Degeneration or Democratization ?

Hardly can one day pass by without reports from nostalgic and dreamy eyed commentators regarding the degeneration of the ‘culture’, be it in music, cinema or any of the other arts. They pine for the days of Raj Kapoor, Satyajit Ray, M. S. Subbulakshmi and wonder what is happening to the quality of the arts today. ‘Commercialisation’, they scream, is moving artists to seek money rather than concentrate on the quality of their art. How true can one say such a situation is ?

Looking back, the patrons of the high arts even in the mid-20th century were largely urban, middle-class, educated people. Brought up seeing and listening to music and cinema which was made by artists patronized by people largely like themselves. One required an acquired taste, a certain erudition to appreciate what had largely become ‘elite’ art. It would be too much to ask of an average citizen to be put through the torture of listening or seeing something that she cannot comprehend just as it would be too much to ask of even the erudite Carnatic connoisseur to appreciate the nuances of HipHop (assuming, of course, that HipHop can claim to contain such nuances).

As the purchasing power of the lower classes increased, and they started flocking to cinema theatres and music concerts expecting to be entertained, they would obviously want something interesting, understandable, and that made way for the present range of films and music. One can definitely see a rise in number of films made and albums produced as more and more people joined the ranks of a exploding middle class. Even though most of these artistic endeavours were complete disasters from any point of view, the point was that the entertainers had to respond to the needs of a people with different idioms, different tastes from their earlier patrons. How can changing with the times be called a degeneration of art cannot be comprehended. Most people do not have the motivation nor the patience to finish a B.A in Music to appreciate their music. One can hardly find a Hindustani music listener gyrating to the rhythms of the tabla, just as it is extremely hard to find a person not jumping out of his seat (if rock concert organisers provide one!) when Iron Maiden takes the stage.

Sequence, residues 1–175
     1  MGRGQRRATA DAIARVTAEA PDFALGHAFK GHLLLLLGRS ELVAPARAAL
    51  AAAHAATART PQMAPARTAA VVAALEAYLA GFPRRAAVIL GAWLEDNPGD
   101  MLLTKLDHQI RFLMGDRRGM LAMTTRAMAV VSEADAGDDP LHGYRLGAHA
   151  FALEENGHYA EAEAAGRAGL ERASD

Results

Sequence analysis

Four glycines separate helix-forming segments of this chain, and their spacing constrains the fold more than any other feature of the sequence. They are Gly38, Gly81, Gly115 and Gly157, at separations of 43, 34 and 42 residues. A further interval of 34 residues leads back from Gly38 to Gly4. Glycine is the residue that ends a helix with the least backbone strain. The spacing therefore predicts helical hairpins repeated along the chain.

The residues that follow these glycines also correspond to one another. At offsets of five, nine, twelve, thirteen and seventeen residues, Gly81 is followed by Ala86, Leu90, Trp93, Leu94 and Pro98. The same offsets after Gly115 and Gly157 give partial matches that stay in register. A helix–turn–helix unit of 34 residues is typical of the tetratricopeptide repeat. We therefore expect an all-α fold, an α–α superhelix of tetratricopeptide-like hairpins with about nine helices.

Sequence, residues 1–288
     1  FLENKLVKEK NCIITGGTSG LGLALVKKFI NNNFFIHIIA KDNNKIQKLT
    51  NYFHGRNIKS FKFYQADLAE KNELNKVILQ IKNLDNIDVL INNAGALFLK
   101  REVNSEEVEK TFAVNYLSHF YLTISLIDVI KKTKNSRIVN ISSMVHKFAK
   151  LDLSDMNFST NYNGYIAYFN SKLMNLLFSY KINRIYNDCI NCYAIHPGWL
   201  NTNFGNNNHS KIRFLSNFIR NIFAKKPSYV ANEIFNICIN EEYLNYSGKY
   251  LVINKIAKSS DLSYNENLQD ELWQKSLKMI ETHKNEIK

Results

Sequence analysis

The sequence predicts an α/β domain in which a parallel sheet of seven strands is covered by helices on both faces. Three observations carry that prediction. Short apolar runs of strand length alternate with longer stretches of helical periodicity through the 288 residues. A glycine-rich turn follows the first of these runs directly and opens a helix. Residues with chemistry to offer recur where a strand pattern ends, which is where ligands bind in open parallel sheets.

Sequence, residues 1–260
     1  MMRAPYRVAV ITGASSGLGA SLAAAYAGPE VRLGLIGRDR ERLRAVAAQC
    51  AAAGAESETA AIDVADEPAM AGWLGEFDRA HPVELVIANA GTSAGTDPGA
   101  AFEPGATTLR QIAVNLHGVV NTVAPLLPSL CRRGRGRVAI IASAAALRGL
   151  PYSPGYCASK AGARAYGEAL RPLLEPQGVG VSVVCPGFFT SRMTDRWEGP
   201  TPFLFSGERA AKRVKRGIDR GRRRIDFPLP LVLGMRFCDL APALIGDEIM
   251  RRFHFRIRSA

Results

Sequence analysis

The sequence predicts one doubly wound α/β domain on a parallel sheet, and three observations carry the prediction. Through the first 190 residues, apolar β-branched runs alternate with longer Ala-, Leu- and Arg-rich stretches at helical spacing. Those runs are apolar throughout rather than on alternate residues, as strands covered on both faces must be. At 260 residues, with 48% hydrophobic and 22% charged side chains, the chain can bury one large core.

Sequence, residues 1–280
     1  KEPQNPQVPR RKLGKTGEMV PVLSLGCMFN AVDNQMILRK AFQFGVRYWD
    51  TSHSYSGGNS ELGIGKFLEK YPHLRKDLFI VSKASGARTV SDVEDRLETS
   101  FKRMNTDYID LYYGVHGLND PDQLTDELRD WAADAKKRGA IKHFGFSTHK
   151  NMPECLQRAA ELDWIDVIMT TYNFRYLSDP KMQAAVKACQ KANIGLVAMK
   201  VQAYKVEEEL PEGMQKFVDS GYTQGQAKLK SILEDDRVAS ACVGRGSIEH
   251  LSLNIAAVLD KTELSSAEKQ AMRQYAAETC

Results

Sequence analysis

The rise of new genres of music and cinema, with their attractive rhythms, loud and colorful sets, unimaginative storylines, shorter and shorter durations, reflect the fact that more and more tastes which do not belong to the elite are being given due consideration. It is hard not to identify the distinct workings of a democracy in such changes. Showing the struggling, poor hero rising and challenging a large businesshouse may echo the dreams of a people who see inequality paraded in front of them, not being able to do anything about it.

Therefore, what some perceive to be a degeneration in the quality of art in the recent times due to commercialization or westernization appears to me to be a failure to understand a form of cultural expression, being far too removed from the roots of its inspirations and aspirations. This works the other way as well, with Classical music being derided as too boring.
So, before you go about shooting your mouth off about philistine Punjabi pop or old man’s Carnatic music, remember that you don’t understand the other well enough to do so!

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